Some snippets of Bordeaux news, seen on the web, that I thought were interesting. I’ve also included a couple of links to Google Maps so you can see the Bordeaux estates in question.
Yes, the Barton family have bought another chateau, and with the appending of their name to that of Mauvesin we will soon have three Barton properties to choose from. OK, so being some distance from St Julien (the property is located near Castelnau-en-Médoc, and the vineyards largely have the Moulis appellation, although some are Haut-Médoc) this might not offer the same kick as the wines of Langoa and Léoville, but it is certainly one to watch. Having taken possession this year, the chai has been re-equipped with new stainless steel fermentation equipment, and the 2011 harvest is already underway.
The news has made it into several publications (Liv-Ex, Jancis Robinson) but it originated with Gavin Quinney, who only heard of the acquisition during polite conversation with Lilian Barton. Apparently, the previous owner wanted to keep the deal (agreed in August) under wraps until finalised.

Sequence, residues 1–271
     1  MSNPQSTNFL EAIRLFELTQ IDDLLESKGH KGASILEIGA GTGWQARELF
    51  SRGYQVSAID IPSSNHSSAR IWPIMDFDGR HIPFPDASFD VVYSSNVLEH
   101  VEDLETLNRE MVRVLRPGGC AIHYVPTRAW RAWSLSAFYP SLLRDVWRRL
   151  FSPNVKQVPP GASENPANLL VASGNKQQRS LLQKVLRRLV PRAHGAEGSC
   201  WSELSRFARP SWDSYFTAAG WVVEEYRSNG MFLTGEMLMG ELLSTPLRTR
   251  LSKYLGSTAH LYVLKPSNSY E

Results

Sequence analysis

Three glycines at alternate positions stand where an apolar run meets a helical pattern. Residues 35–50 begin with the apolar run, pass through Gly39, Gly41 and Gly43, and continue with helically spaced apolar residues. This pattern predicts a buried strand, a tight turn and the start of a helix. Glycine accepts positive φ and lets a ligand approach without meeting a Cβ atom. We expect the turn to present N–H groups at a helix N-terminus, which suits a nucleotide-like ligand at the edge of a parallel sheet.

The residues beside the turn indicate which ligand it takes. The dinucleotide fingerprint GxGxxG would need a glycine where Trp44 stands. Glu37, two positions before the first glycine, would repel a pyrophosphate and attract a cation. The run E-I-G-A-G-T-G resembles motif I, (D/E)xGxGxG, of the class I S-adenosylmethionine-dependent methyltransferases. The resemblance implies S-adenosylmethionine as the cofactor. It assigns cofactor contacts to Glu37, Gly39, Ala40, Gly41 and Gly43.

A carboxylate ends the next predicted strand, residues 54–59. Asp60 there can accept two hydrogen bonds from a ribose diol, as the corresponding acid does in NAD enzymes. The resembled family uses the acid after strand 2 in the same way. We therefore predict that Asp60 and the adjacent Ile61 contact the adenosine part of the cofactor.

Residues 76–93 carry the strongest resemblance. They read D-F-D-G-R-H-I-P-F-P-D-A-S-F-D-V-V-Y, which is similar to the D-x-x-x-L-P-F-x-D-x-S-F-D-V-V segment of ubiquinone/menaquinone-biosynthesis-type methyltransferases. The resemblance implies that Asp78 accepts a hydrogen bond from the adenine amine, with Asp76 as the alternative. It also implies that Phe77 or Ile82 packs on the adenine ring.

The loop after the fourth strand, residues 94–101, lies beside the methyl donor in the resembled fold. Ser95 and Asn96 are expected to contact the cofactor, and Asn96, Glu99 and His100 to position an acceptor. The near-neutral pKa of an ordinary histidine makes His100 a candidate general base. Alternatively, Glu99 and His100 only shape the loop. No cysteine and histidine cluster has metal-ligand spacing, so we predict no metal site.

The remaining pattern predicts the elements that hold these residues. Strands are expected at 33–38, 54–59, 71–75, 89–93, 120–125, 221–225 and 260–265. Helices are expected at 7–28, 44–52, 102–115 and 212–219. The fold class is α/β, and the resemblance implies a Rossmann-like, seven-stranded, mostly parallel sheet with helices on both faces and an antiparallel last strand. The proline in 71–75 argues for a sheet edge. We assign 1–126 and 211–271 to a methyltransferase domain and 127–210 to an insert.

New Cellars at Le Pin
The ony good thing about high prices is that Bordeaux proprietors can at least invest in their facilities and vineyards. At Le Pin, this means knocking down the old house that overlooked the vineyards and replacing it with a modern facility designed by Belgian architect Paul Robbrecht (the Thienpont family are Belgian of course, so perhaps an obvious choice).
I’m due to fly out to Bordeaux in a couple of weeks but unfortunately I have no free time in my itinerary so I doubt very much I will be able to take a look at the new buildings. Happily, there are some images online, in a new article in Drinks Business by Rupert Millar who, unless I am very much mistaken, I met at the Roederer awards last week.